I was on my way to Paerdegat Basin, to find out what Paerdegat Basin is. It is a so-called “tributary” of Jamaica Bay (though what it may “contribute” is another matter), on the Brooklyn side, west of Canarsie, in Ralph Kramden country. On the chart Paerdegat is represented with a minute inexplicable square. The name is Dutch for "horse gate." You enter Paerdegat Basin through big hellish creosote-soaked gates below a bridge carrying traffic on the Belt Parkway.

If you’re at all nervous about your outboard motor, the sounds you hear under this bridge are worrisome, not to say terrifying: something is under terrible strain.

Beyond the gates was a surprisingly tropical scene. There were kayakers paddling up the stream, marinas, yacht clubs, and even a canoe livery, all with reflections shimmering in the water and the water’s reflection shimmering on them.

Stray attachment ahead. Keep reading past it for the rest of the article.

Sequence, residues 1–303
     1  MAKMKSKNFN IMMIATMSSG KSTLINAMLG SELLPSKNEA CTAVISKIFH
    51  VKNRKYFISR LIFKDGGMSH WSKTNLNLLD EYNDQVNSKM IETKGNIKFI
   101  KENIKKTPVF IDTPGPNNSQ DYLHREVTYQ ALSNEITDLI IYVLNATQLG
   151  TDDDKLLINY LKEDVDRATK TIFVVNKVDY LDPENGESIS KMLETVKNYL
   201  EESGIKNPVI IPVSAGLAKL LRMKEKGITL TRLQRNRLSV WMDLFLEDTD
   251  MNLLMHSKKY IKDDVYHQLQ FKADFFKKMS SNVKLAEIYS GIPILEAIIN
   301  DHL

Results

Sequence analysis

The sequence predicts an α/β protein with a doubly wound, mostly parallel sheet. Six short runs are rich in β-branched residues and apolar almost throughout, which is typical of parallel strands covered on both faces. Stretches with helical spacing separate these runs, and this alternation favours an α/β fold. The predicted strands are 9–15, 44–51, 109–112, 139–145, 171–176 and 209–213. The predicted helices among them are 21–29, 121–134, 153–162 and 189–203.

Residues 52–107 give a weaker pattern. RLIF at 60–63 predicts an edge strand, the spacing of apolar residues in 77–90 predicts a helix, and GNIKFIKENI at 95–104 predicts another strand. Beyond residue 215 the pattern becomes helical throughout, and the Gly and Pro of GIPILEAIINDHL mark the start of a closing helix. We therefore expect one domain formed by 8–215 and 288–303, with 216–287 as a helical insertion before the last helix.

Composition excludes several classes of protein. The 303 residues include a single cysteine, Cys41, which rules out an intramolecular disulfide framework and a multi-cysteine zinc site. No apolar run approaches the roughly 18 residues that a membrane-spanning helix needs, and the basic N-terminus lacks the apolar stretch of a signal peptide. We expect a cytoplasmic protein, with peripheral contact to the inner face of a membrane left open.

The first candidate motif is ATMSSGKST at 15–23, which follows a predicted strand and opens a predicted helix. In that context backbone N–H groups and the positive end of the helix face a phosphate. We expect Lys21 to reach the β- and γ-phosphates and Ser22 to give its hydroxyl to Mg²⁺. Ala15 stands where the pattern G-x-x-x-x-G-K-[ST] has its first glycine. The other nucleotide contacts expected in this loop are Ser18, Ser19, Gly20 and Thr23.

At the far end was a more industrial landscape: cranes, quonset huts, barges, and some, uh, structures I didn’t get close enough to to photograph because it began to smell pretty bad. It could be a dump, or a landfill (which is to say a dump), or a sewage treatment plant. I think they may be building a storage tank for CSOs. “CSO” stands for Combined Sewer Overflow, and a “CSO event,” as the literature so delicately puts it, is when a storm overwhelms the sewer system and it releases raw sewage into the environment. I suddenly got very afraid that I would run out of gas and decided to head home.